Tox21Enricher-Shiny is contingent upon the annotations in its database component being accurate and current. Further, annotations are constrained to the chemical set used in Tox21; hence, the diversity of biological/toxicological annotations that can be enriched is inherently limited to what is represented in this chemical space. These annotations are sourced from a variety of providers, so the Tox21Enricher-Shiny system relies on those providers to make their data available. Tox21Enricher-Shiny’s result output should not be interpreted as a readout of real, pathological manifestation. As a predictive tool, it cannot make any definitive statements about how a chemical behaves and reacts; rather, Tox21Enricher-Shiny is only intended to suggest potential avenues to a user for further research about a chemical substance. Tox21Enricher-Shiny is intended to support research efforts and provide parallel, supplementary information. Tox21Enricher-Shiny also cannot accept all substances as input. Tox21Enricher-Shiny is only equipped to process the chemicals within the Tox21 dataset. The system will ignore user-supplied CASRNs that are not within Tox21, and it will only find similar chemicals for a user-provided SMILES or InChI string with respect to the Tox21 dataset. Tox21Enricher-Shiny may not correctly process chemicals that contain certain reactive functional groups (nitrile, isocyanate, aldehyde, epoxide) as these chemicals may react with proteins in cell-based Tox21 assays (Sushko et al., 2012). The Tox21Enricher-Shiny system relies on multiple packages and modules from other providers: the overall functionality and security of Tox21Enricher-Shiny may be influenced by the abilities, availabilities, and integrities of these tools.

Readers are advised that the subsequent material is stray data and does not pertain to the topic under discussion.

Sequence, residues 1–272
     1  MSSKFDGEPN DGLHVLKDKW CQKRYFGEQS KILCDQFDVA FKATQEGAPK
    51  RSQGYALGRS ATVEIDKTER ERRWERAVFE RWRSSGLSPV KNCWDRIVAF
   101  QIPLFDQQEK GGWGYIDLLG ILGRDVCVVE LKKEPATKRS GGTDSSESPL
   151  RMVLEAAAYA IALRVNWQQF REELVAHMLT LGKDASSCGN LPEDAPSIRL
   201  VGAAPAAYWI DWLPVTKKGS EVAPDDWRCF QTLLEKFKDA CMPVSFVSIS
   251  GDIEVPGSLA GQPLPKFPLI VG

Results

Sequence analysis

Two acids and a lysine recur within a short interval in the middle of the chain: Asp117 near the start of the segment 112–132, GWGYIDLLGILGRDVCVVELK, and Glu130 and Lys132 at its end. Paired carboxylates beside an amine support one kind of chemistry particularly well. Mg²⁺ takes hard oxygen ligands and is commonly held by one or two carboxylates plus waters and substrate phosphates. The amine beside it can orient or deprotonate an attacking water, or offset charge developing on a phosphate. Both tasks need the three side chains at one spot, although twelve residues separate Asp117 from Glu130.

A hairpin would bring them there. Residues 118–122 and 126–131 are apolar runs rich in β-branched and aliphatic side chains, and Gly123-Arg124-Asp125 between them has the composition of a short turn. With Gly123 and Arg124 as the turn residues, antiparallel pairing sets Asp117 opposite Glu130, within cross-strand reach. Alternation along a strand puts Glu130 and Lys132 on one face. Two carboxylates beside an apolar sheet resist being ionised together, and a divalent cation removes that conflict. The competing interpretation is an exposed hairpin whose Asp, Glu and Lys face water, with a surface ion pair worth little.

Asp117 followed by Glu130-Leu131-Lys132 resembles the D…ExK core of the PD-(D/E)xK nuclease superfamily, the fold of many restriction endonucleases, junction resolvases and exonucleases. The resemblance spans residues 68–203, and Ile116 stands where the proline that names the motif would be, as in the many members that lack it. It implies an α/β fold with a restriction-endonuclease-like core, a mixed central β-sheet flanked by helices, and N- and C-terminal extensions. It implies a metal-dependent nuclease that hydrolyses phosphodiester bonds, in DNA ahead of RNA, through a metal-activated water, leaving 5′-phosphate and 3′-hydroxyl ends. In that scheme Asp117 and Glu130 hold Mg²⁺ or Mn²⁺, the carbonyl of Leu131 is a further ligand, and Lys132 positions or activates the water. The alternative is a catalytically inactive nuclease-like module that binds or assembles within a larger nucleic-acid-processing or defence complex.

3.2.2 Architectural and software limitations
Tox21Enricher-Shiny was designed to have its database, API, and Shiny application components deployed from within separate Docker containers (Docker Inc., 2023a). Therefore, in a personal installation of Tox21Enricher-Shiny, it is not a requirement for all containers to be on the same machine. While this means that Tox21Enricher should technically be operational on any machine(s) that supports Docker, Tox21Enricher was only developed and tested on machines running Ubuntu 20.04 LTS (Canonical Ltd., 2023). The development machine for Tox21Enricher-Shiny used a 64-bit Linux architecture. The code for the API employs the use of parallel, multicore processing, which will not work as expected in Windows environments (Bengtsson, 2021). We do not guarantee that Tox21Enricher-Shiny will work as intended in other environments running architecturally different operating systems.